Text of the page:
Negotiating: Why you can only win when you ask for money

If you have a job offer in hand, and you’re in negotiation stages of what the offer will be, it is fairly safe to say “you have it in the bag”. Now whether or not you let it out of the bag by screwing up the offer is a whole other story.

The point you should keep in mind, if you are offered a job is:

They want you.

You want to work there.

Now you have to agree on a price.

This is how a simple question of asking for more money should go:

Them: We’d like to offer you $35,000 as a salary.

[You’ve done your research, and it’s really a $40,000 – $45,000 job and $35,000 is on the low end but still acceptable]

You: $35,000 is a good offer, but based on my research for my job experience and knowledge, the job is worth $45,000.

Them: Well $45,000 is a bit high for your experience…. *trails off*………….

[OPTIONAL as in this rarely happens:

Silence may or may not ensue. You just sit tight, shut up and wait for them to finish their sentence.

Don’t try and fill the uncomfortable silence by saying: Well okay, I’ll take it.

Whoever blinks first, loses.

The more uncomfortable part might be if more barbed remarks might be thrown at you about your age, and your lack of industry knowledge, yadda yadda, to

which you can bring up more research information if you want]

Now what usually what happens is either they say “No” because they’re really offering you the best (NOT LIKELY) or they negotiate back:

Them: …………but we can offer you $40,000.

You: DEAL!!!




(Okay so that last part you should probably omit.

Say something boring and professional along the lines of: Sounds fair, I accept. I am looking forward to working with your company!)

And that’s usually how negotiations go.


From my own personal experience, I did something just like the above. I sat there, waited for a better offer, and they came back with 30% higher.

Why? Because they wanted me.

I knew I had experience for the job that none of the other candidates had, and they could see I was really passionate about this line of work even if my grades weren’t amazing.

Everyone else who didn’t ask, started at 30% below what they should have, and to this day, they are still trying to catch up to my original starting rate with their small salary raises every 3 years. (I keep in touch).

Keep in mind that I was also getting the same raises at the same time they were.

Think of it asΒ negotiatingΒ for one of the biggest raises you’ll probably ever get in your career at that company.

This move may not work for every company, as noted in the comments below, but it never hurts to ask unless the culture of the industry or company is such that you shut up and take whatever’s given to you.

Does that sound intimidating?

It shouldn’t.

It’s a fact of negotiations as it is a fact in life: Nothing is ever going to happen if you never ask for what you want and if you don’t do anything about it.

If you have the offer pretty much in hand (they are probably not going to be thrilled about having to bring up the pile of people they’ve interviewed and re-sift and re-order them again by level of competency), and it’s just a question of money.

Negotiation is much harder for rates than it is for salary, because every hour = more moola for them in their pockets versus what you end up with at the end of their cut.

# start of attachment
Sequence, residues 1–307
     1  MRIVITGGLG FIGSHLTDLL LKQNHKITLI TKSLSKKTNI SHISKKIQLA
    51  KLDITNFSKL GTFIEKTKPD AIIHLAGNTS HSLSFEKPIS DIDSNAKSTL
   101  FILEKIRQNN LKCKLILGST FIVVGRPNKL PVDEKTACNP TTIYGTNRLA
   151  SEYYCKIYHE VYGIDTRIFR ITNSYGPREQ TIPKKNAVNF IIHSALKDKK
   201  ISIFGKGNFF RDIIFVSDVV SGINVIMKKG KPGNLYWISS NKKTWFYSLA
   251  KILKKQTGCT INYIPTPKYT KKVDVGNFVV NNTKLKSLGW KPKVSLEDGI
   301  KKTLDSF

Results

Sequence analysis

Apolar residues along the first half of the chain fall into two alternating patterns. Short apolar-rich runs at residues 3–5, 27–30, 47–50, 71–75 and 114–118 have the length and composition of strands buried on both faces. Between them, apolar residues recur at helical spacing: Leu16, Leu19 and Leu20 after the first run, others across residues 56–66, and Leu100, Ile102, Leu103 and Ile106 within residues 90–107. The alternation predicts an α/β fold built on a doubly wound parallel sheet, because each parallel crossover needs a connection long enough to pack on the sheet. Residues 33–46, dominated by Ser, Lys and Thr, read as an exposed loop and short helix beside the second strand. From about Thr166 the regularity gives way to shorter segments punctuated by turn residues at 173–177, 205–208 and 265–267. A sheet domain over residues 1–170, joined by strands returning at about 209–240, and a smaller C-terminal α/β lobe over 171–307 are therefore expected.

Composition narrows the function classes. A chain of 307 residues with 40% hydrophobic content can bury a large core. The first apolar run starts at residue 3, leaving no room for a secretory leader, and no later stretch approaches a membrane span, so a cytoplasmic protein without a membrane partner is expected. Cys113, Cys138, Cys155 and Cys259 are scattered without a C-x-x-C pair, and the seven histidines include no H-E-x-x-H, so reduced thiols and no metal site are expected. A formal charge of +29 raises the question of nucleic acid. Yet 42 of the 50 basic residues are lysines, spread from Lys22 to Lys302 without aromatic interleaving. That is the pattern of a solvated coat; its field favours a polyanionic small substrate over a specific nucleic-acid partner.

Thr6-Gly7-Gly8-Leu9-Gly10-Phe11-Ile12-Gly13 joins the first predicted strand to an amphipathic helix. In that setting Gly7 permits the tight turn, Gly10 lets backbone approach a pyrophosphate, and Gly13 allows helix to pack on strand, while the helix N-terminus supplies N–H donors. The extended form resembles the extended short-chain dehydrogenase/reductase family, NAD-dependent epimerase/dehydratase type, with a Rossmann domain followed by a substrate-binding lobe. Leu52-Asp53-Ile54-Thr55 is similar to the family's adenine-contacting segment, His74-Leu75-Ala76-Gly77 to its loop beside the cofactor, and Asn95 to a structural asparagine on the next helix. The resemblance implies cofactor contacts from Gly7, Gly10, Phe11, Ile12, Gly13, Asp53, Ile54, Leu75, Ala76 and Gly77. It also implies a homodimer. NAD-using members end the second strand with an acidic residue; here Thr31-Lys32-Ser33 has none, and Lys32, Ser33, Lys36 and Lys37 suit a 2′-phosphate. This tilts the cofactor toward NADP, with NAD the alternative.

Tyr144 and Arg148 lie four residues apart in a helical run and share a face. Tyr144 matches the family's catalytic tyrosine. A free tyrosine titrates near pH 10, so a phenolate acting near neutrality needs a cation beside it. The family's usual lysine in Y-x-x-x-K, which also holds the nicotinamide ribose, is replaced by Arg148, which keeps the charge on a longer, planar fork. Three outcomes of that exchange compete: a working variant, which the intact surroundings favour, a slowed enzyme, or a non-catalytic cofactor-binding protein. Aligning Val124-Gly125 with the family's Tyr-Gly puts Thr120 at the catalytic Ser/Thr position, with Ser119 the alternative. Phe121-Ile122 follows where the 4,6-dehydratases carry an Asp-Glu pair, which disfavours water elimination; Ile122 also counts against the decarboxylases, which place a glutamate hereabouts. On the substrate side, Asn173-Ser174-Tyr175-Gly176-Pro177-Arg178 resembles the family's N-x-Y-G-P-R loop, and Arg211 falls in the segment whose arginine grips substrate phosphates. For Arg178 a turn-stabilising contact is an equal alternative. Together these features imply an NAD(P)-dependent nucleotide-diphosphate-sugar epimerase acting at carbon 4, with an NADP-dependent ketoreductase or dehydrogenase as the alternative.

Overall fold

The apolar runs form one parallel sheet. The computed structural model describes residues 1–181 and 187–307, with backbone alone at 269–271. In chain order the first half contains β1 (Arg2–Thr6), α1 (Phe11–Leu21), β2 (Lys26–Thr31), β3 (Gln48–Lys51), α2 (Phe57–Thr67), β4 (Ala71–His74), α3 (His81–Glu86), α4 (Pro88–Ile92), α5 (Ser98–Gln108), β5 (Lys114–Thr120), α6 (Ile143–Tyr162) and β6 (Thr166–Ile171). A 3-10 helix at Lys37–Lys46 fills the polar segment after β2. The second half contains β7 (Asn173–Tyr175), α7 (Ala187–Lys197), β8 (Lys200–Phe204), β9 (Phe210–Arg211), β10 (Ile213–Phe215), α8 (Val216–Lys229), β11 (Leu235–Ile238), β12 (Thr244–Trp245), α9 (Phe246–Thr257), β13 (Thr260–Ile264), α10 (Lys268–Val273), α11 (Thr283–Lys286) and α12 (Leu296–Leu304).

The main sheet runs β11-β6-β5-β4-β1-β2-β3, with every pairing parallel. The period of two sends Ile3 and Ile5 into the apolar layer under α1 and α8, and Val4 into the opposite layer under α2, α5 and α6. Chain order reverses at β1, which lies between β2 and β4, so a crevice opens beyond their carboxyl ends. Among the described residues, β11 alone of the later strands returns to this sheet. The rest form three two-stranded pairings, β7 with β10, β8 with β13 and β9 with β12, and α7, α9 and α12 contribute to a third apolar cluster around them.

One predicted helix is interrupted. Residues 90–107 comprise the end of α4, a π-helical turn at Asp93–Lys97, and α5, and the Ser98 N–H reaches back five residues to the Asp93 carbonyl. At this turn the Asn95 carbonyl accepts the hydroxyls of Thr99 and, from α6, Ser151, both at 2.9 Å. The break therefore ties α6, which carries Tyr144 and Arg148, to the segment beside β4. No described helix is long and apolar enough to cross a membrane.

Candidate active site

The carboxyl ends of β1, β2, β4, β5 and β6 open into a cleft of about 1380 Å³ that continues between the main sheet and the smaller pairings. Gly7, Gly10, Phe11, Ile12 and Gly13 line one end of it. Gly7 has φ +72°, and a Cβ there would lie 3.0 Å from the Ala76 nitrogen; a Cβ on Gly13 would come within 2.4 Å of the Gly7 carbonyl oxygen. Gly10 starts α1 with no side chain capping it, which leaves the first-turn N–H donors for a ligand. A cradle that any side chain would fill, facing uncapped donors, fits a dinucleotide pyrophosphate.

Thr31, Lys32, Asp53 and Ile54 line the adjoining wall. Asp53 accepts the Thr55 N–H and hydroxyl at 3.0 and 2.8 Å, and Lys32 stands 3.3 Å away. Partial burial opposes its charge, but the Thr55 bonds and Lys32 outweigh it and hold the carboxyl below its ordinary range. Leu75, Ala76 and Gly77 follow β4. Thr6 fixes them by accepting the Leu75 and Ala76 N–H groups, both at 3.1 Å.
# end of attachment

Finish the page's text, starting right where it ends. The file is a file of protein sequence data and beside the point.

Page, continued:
Besides, if they really hold firm at $35,000 you have 2 options:

  1. Take the job
  2. Walk away

OPTION ONE: Take the job if you really need it

Assume that they are NOT bluffing about the $35,000 and being hardasses, and take the job.

You do not want to be kicking yourself in the butt (how does that work, anyway?) while eating ramen or Kraft dinner out of a clean (I hope!) dog bowl, commiserating with other unemployees on a couch about the job you almost had.

OPTION TWO: Walk away if you’re able to

Walk away if you know you can find something better / Don’t need the job.

Sometimes it’s a bluff. Usually when it comes to rate negotiations, it’s a bluff, especially when it’s just $5 – $20 in the rate. If we’re talking like a 50% reduction from $100 down to $50, there is no in between and you can probably get them up to $75, but it will never meet your minimum requirement.

If you don’t need the money immediately (as in, you can hold out for 6 months more) and you think the market is just starting to heat up, then perhaps there is a better job offer out there for you.

CAUTION: Just don’t be too starry-eyed about this option, without knowing the hard facts of what you’re saying “No” to.

Don’t forget this guy Scott from the NY times who just graduated, still lives with his parents and turned down a perfectly acceptable job offer at $40,000 a year just because it wasn’t a managerial grooming position being offered to his privileged ass right off the bat.

Over the last five months, only one job materialized.

After several interviews, the Hanover Insurance Group in nearby Worcester offered to hire him as an associate claims adjuster, at $40,000 a year.

But even before the formal offer, Mr. Nicholson had decided not to take the job.

To which I say: Yeeeeeeaaaaaaaaaaaaaahhhhhhhhhhh.

So practice being more confident in fake negotiations with a family member or a friend, practice, practice, practice and don’t fold under pressure.

About the Author

Just a girl trying to find a balance between being a Shopaholic and a Saver. I cleared $60,000 in 18 months earning $65,000 gross/year. Now I am self-employed, and you can read more about my story here, or visit my other blog: The Everyday Minimalist.